n 1989, following the Exxon Valdez oil spill, nonprofit organization CERES developed the CERES Principles (previously “Valdez Principles”), which introduced specific environmental reporting guidelines. These values became the driving force behind the Global Reporting Initiative standards, which, today, 77 percent of the global 250 use to disclose environmental, social and governance data.
Corporate Responsibility (CR) reporting – often referred to as sustainability reporting – is a voluntary tool used to exercise transparency and proactive engagement on key issues. But what if it was mandated, much like financial reporting? Would this be good for companies? Society? These questions were up for debate in a recent BSR article (membership required), which followed a conversation sparked during the annual conference hosted by the organization. Experts from all sides are debating the implications of such mandates. Highlights include:
Pros of Mandating CR Reporting:
- Gives sustainability the same weight of importance as financial performance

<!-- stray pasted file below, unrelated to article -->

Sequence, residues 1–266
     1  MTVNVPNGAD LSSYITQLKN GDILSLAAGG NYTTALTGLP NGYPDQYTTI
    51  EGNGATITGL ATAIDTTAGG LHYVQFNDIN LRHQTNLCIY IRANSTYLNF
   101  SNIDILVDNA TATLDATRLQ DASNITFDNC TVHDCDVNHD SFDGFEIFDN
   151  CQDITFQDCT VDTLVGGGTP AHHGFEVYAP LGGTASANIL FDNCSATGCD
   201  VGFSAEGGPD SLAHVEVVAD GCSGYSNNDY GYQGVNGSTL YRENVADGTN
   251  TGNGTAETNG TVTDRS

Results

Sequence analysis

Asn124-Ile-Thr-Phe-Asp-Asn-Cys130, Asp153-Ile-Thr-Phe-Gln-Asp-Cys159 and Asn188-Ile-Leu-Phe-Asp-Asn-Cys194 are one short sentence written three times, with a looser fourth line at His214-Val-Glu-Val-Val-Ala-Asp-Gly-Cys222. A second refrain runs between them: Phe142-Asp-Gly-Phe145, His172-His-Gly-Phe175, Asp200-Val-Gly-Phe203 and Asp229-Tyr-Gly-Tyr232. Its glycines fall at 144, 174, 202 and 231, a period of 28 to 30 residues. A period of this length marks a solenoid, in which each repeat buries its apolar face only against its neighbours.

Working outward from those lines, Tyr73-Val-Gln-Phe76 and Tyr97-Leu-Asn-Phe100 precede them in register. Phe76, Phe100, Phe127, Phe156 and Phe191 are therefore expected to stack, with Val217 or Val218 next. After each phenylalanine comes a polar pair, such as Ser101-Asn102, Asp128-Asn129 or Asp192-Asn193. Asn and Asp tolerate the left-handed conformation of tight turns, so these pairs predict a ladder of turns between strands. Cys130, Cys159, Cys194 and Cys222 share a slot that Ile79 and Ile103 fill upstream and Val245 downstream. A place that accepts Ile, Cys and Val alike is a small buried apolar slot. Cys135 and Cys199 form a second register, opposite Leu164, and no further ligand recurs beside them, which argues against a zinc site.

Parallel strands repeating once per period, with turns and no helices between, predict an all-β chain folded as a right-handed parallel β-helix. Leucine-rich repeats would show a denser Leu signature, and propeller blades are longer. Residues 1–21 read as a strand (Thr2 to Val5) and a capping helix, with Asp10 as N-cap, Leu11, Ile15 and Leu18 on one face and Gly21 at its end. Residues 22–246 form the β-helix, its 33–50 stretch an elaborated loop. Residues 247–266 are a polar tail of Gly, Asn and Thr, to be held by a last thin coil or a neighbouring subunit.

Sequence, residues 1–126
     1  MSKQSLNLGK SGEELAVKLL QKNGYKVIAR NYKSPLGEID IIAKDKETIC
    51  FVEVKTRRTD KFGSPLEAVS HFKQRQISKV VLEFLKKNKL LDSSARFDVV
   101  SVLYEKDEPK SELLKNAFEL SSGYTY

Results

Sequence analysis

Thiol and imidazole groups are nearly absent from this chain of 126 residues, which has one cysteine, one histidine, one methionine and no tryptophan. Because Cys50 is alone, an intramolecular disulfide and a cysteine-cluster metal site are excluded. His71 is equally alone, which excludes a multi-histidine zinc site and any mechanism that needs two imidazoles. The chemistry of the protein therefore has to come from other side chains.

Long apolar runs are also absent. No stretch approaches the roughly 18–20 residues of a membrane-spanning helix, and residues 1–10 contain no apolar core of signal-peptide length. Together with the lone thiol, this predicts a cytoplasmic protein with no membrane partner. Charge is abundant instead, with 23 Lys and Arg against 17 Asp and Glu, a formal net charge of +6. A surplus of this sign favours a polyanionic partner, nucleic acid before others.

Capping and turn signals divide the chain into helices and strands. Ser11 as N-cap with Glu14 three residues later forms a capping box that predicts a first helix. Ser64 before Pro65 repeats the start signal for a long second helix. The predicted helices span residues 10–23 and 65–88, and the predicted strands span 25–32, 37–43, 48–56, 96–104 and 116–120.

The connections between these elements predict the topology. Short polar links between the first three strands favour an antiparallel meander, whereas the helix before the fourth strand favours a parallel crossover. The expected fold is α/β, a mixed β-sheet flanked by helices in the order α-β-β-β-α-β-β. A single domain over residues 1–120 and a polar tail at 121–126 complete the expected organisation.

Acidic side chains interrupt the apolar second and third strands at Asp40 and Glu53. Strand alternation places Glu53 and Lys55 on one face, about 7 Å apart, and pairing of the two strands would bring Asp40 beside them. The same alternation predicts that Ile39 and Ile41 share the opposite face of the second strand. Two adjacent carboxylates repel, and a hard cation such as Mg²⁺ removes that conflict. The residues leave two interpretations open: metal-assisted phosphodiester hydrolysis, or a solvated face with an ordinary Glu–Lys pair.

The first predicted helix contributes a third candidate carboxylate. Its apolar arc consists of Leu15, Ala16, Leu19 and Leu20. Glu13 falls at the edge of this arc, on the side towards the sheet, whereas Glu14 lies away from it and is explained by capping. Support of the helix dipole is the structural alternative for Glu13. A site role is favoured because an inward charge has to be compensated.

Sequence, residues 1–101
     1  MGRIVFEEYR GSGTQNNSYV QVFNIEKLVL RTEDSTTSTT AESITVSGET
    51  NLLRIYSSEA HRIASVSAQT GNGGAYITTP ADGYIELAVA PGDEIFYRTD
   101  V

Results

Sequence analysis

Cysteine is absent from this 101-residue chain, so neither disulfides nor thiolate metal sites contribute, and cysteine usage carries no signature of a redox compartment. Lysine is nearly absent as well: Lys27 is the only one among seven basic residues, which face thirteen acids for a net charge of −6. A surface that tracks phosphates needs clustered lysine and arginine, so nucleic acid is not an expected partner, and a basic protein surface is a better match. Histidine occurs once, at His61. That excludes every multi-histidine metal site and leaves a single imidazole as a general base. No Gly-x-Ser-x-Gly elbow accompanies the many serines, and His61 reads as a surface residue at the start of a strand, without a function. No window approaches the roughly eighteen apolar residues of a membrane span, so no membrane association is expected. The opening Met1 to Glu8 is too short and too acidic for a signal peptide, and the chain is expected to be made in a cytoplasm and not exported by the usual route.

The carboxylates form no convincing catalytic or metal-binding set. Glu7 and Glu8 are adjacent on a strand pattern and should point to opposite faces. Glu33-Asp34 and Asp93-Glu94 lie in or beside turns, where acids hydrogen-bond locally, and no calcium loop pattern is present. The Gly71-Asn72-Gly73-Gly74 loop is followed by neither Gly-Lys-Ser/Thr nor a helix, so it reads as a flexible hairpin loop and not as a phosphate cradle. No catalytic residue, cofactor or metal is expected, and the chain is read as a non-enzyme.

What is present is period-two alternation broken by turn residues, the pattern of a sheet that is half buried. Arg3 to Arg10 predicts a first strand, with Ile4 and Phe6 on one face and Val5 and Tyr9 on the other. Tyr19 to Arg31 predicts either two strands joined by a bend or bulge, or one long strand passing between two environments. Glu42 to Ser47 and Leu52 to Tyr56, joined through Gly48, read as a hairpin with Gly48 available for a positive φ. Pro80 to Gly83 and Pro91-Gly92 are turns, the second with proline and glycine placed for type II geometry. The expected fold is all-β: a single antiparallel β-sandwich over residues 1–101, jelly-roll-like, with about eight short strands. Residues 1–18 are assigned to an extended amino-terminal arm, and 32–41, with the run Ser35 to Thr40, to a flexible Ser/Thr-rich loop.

- Creates an equal playing field for companies – requiring all to disclose their practices
- Drives corporate action for positive environmental change
Cons of Mandating CR Reporting:
- Encourages companies to simply “check the box” – which goes against the value of Shared Responsibility
- Presents challenge to itemize issues material to all companies across all sectors – therefore, hard to create a standard set of reporting criteria
- Puts liability on companies to ensure accuracy
According to another report, six countries recently passed legislation or issued directives mandating companies include at least some CR data in their annual reports. But it’s unclear whether these regulations are signs of a lasting trend or simply a trial in endorsing transparency.
The question also remains about whether reporting can be an effective tool to meet the demands of all stakeholders. Whether you are for or against reporting mandates, Cone’s research shows consumers are looking to companies to solve societal ills. Most (91%) want companies to communicate their commitments, yet two thirds (67%) of consumers are confused by the messages companies use to talk about their commitments. The challenge for companies today is to create reports or other communications that engage and meet the demands of a range of audiences, including those looking for credible data and those seeking the story behind each CR program.
Reporting is no longer about checking the box. So perhaps it’s less important to debate whether reporting should be mandatory, but rather how CR reports should be executed to meet varied stakeholders’ needs for transparent, yet digestible and relevant information.